of the firing in October 2003
(cheminee = chimney, alandier=firebox)
The preheat went well and everyone is in good spirits,
so on the second Friday we let the temperature climb furiously...
Not a reasonable thing to do if we don't want to break everything.
The 3m high stacks of pots don't like that very much! So we calm
down and start the temperature climbl gently. The temperature probe
behind the hearth (in red) ended up by melting down at 1200°
and the stokers continued stoking by looking at the flames, listening
to the kiln and the smell of the smoke, with a squint at the pyrometric
cones from time to time through the furnace...
Phases of the firing:
1/ The Preheat:
This phase corresponds to drying out the kiln.
Duration: about 10 days, until Thursday.
Type of wood used: Trunks, very large branches and stumps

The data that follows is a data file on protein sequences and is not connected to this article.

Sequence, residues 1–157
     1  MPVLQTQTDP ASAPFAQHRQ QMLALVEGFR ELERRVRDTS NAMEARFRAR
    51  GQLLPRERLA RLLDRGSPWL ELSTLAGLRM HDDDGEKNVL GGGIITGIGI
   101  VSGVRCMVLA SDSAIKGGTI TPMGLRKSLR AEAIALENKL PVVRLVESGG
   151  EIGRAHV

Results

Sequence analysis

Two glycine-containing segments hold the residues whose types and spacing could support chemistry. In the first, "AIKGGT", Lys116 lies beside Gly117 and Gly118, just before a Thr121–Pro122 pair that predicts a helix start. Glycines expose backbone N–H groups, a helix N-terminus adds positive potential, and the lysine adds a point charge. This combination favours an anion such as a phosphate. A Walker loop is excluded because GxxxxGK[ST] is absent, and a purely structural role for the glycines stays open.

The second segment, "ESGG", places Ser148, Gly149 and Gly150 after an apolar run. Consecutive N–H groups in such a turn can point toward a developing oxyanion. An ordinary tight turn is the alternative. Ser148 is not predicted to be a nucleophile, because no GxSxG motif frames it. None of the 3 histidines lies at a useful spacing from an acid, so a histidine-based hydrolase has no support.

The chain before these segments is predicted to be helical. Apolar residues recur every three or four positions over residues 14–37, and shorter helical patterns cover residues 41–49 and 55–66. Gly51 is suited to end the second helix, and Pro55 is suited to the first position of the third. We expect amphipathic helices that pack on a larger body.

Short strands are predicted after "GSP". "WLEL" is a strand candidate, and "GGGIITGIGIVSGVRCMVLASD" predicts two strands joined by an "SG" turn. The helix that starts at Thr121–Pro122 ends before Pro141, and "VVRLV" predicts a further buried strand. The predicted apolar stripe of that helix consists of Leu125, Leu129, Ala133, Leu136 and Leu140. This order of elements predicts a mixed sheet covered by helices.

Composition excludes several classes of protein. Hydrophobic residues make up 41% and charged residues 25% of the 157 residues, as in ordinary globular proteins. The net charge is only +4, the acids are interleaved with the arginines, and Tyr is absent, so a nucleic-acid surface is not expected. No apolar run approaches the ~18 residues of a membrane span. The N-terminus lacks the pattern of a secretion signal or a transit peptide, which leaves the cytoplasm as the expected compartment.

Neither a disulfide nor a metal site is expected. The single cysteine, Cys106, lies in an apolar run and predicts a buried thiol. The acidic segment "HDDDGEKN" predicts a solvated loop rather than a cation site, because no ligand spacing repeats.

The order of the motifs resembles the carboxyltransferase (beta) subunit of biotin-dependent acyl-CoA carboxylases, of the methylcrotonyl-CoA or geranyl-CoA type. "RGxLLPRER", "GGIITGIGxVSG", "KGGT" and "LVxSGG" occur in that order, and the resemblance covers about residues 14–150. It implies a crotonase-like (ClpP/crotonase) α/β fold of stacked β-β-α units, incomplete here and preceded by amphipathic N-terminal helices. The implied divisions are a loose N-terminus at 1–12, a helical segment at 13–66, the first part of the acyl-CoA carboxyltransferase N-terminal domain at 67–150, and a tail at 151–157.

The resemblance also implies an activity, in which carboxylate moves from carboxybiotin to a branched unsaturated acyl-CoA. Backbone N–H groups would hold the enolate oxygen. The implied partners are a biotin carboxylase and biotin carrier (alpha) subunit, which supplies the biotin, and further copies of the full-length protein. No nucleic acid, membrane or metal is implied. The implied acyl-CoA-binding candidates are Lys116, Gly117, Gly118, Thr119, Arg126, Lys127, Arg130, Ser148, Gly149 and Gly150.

2/ The Small fire:
During this phase the temperature goes up to about
1000 degres Celcius. This has to be done slowly since most of the
pots are completely unfired. It is also important to accumulate
lots of embers in the firebox.
Duration: about 3 days (Friday to Sunday).
Type of wood used: Large pieces of oak.
3/ The Large fire:
Climb up to 1300 degrees at the front and as near
as possible in the rest of the kiln. The wood is supplied through
an opening above the heap of embers and it explodes practically
instantly. We select wood that produces the longest possible flames
in order to heat the back of the kiln. At this point you can see
the flames coming out of the other end of the kiln, up to and including
Duration: about 2 days (Monday and Tuesday).
Type of wood used: Split oak, acacia, birch, and some faggots
4/ The cooling down:
Temperature descending as slowly as possible. The
chimney and firebox are hermetically sealed. This has to be done
rapidly when the kiln is at its hottest at the end of the firing.
Duration: about 3 to 4 weeks.